When you were at Yale you had a very specific relationship to the Bakke case. Could you tell me about the brief that you helped write?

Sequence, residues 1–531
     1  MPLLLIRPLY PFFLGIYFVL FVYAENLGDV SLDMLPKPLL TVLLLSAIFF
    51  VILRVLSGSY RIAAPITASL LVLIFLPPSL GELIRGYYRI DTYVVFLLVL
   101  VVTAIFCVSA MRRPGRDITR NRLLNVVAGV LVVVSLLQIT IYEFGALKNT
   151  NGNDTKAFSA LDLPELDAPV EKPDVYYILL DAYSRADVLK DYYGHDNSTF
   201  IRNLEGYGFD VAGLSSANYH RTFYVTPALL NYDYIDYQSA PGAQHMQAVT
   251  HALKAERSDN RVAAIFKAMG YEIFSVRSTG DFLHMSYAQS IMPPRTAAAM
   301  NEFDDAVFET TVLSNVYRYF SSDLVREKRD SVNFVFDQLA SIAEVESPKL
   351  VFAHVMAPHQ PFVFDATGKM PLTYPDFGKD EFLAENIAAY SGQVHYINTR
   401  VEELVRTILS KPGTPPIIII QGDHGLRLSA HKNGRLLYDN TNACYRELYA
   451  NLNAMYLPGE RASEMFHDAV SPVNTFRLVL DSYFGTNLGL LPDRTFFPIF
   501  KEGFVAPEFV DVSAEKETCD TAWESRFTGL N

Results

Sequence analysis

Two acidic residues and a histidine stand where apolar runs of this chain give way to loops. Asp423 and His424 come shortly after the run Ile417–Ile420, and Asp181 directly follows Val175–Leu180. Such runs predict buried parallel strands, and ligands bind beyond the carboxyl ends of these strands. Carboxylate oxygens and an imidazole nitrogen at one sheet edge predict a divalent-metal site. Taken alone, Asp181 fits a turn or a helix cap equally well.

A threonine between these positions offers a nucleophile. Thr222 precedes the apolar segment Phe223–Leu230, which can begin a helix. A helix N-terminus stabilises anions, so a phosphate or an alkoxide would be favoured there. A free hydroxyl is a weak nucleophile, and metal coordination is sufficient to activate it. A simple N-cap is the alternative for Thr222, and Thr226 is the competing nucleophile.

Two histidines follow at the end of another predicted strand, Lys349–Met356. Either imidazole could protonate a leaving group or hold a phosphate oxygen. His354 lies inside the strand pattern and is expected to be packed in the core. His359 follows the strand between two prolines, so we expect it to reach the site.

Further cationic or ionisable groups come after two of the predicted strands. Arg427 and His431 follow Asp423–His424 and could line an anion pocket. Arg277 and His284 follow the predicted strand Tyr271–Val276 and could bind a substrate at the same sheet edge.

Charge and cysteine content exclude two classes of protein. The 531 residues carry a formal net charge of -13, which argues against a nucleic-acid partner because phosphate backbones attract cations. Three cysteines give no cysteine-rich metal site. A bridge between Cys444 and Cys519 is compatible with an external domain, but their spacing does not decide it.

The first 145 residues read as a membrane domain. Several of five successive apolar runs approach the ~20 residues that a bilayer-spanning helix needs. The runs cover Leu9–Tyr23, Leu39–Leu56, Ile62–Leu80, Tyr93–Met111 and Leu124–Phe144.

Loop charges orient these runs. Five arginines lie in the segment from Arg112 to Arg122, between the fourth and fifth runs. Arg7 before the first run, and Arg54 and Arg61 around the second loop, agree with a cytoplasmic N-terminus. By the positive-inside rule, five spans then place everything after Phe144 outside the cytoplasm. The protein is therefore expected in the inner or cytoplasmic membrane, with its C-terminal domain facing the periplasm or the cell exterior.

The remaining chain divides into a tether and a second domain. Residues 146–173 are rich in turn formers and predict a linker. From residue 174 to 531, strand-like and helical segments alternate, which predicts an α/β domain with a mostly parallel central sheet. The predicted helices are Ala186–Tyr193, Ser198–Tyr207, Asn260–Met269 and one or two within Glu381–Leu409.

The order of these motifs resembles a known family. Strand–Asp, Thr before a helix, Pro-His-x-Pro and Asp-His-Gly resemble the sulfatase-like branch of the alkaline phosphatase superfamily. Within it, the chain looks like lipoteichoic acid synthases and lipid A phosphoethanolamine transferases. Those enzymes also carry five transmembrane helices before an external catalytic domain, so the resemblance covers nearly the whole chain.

Well, you know, while I was, at the same time that I was sort of coming to terms with the bitter realities of, of some of the experience of what it's like to be a person of color at Yale, ah, the, the Bakke case was winding its way through the courts. In part of my last year in, ah, the, ah, law school the court had decided that it was going to decide the case so, uh, a group of us, ah, including a Yale Law School Professor, ah, crafted [ a ]an amicus curiae brief in the Bakke decision for the Yale Black Law Student Union. And, ah, in that brief what we tried to do was argue for a more meaningful, substantive conception of equal protection in contemporary America. We talked in terms of a genuine equality that really, ah, reflected the nature of the kind of multi-cultural and multi-racial society that we live in. And, ah, that brief, ah, has always served as a kind of starting point for me in terms of my own ideas about Affirmative Action and equality in modern America.